When Video Game Sales Falter, Blame Piracy
from the more-proof-please? dept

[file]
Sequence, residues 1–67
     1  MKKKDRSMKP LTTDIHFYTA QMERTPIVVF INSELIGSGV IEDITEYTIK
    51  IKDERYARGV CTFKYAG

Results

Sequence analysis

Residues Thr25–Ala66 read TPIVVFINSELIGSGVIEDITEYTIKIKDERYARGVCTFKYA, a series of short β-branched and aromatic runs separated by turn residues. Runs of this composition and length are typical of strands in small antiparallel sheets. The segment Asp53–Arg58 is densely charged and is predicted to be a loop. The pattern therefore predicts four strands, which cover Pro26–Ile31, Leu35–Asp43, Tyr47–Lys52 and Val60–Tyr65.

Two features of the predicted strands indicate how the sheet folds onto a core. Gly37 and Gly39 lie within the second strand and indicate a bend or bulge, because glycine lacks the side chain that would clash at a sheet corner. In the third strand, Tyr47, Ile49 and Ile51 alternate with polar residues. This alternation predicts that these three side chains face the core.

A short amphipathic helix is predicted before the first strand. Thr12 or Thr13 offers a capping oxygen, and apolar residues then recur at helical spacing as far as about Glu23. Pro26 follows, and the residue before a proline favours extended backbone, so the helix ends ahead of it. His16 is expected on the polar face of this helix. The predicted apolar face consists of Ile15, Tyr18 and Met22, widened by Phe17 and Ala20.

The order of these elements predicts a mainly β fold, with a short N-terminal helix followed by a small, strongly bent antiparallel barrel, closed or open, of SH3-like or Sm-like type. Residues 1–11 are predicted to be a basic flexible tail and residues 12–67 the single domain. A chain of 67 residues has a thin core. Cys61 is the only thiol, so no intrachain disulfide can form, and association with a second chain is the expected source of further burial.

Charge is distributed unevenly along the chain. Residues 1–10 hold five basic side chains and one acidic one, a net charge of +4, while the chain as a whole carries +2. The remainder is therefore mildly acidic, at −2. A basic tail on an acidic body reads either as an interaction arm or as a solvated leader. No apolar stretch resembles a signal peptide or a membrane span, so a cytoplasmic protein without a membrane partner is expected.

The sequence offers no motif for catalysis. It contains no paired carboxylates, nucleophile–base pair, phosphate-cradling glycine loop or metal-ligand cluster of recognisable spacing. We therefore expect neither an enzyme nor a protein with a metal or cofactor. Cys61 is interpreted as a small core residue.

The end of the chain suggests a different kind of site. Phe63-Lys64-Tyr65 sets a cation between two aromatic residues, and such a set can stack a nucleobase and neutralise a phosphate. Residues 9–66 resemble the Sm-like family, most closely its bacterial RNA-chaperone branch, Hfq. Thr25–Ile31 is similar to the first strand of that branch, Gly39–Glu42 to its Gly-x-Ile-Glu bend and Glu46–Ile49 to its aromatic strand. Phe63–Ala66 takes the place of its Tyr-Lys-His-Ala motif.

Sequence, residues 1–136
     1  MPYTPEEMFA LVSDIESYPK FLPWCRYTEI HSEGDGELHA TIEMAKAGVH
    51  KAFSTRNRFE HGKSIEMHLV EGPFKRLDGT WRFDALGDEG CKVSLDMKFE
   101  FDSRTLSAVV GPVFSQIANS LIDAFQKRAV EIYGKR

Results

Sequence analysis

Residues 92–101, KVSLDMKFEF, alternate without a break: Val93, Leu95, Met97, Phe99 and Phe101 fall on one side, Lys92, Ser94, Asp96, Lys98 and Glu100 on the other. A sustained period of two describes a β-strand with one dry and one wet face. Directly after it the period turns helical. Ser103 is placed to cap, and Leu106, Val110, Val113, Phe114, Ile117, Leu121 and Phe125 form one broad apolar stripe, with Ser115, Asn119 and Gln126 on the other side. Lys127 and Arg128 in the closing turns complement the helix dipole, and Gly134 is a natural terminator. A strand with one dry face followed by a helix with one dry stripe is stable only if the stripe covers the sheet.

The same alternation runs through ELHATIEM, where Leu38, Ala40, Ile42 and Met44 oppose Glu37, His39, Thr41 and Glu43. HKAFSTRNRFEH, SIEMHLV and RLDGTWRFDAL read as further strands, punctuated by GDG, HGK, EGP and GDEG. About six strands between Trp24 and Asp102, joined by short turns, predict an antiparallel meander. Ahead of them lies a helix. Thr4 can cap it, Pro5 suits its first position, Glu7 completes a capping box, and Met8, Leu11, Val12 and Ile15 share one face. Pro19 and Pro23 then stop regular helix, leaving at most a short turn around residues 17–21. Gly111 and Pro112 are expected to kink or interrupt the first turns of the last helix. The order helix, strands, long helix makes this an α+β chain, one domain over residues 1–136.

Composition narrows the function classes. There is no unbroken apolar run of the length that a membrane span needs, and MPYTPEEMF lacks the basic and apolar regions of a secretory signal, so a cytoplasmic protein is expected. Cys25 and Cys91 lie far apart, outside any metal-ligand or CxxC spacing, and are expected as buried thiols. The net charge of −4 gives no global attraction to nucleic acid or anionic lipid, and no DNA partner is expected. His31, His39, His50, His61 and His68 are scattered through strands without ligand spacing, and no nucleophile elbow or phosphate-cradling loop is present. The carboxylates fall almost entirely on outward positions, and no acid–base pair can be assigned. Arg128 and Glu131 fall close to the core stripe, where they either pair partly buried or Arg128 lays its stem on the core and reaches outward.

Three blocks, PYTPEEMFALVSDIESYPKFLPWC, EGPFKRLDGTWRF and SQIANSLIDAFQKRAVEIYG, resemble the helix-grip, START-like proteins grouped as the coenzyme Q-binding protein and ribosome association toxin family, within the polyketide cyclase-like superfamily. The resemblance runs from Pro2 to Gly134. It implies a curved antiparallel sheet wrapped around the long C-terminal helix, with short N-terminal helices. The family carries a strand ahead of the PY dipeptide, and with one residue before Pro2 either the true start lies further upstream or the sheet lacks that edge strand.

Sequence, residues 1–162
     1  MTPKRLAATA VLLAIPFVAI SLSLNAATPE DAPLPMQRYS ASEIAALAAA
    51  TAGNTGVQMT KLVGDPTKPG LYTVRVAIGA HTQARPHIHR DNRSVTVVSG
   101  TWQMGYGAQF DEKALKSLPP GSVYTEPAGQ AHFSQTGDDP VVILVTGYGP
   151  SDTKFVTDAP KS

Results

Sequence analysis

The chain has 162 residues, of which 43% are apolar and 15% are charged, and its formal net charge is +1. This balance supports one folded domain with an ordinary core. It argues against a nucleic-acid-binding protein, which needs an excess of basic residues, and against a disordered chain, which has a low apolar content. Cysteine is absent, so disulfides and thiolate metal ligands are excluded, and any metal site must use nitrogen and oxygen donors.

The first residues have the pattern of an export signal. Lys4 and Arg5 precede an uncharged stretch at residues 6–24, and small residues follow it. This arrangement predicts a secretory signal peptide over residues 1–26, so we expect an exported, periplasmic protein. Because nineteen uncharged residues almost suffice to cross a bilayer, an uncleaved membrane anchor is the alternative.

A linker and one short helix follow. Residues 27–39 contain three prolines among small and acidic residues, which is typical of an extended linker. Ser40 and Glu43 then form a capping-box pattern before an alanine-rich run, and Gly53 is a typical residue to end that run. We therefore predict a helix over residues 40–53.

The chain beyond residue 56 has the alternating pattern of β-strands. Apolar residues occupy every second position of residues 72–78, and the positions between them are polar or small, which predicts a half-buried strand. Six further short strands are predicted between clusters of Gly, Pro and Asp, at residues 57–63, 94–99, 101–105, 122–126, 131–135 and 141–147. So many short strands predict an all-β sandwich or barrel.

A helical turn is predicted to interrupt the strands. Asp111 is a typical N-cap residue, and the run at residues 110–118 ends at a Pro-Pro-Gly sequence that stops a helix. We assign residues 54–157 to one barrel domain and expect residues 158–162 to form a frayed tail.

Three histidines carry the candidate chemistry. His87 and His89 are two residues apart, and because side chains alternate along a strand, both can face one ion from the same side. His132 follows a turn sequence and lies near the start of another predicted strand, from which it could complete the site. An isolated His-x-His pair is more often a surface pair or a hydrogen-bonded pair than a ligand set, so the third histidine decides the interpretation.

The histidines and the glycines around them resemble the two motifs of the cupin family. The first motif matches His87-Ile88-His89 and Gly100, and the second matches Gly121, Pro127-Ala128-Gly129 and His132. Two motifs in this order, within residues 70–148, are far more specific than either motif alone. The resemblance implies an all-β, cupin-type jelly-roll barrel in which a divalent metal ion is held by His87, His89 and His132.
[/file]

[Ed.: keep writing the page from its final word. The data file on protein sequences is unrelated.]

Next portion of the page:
James Parker writes in to let us know that Sports Interactive, a sports simulation video game company (recently purchased by Sega), is blaming "piracy" for the failure of their Eastside Hockey Manager game, on which they've now ceased development. I should say, first of all, that I'm a huge fan of Sports Interactive's games, and have given the company (and some of the companies that it bought) plenty of money in the past -- but am not at all convinced by their argument. Sports Interactive games tend to have very vibrant communities, where there is usually a lot of social pressure to buy the actual game if you want it. They've also done digital downloads for quite some time, and are pretty good at making the process seamless. It seems like the big hockey strike that decimated interest in hockey for a while probably had a lot more to do with the problem. While SI admits that the strike may have dampened interest in hockey, they still think that the issue is unauthorized downloads, as determined by watching various torrent sites offer the software up for free. Yet, just because someone is downloading the game, it doesn't mean they would have bought it otherwise. There may be many reasons why the game failed, and given the tremendous success of Sports Interactive's other games (many of which are vastly more popular and probably have a ton more unauthorized downloads), it seems hard to believe that EHM failed because of "piracy." Instead, it looks like the game just failed, and "piracy" is a convenient scapegoat.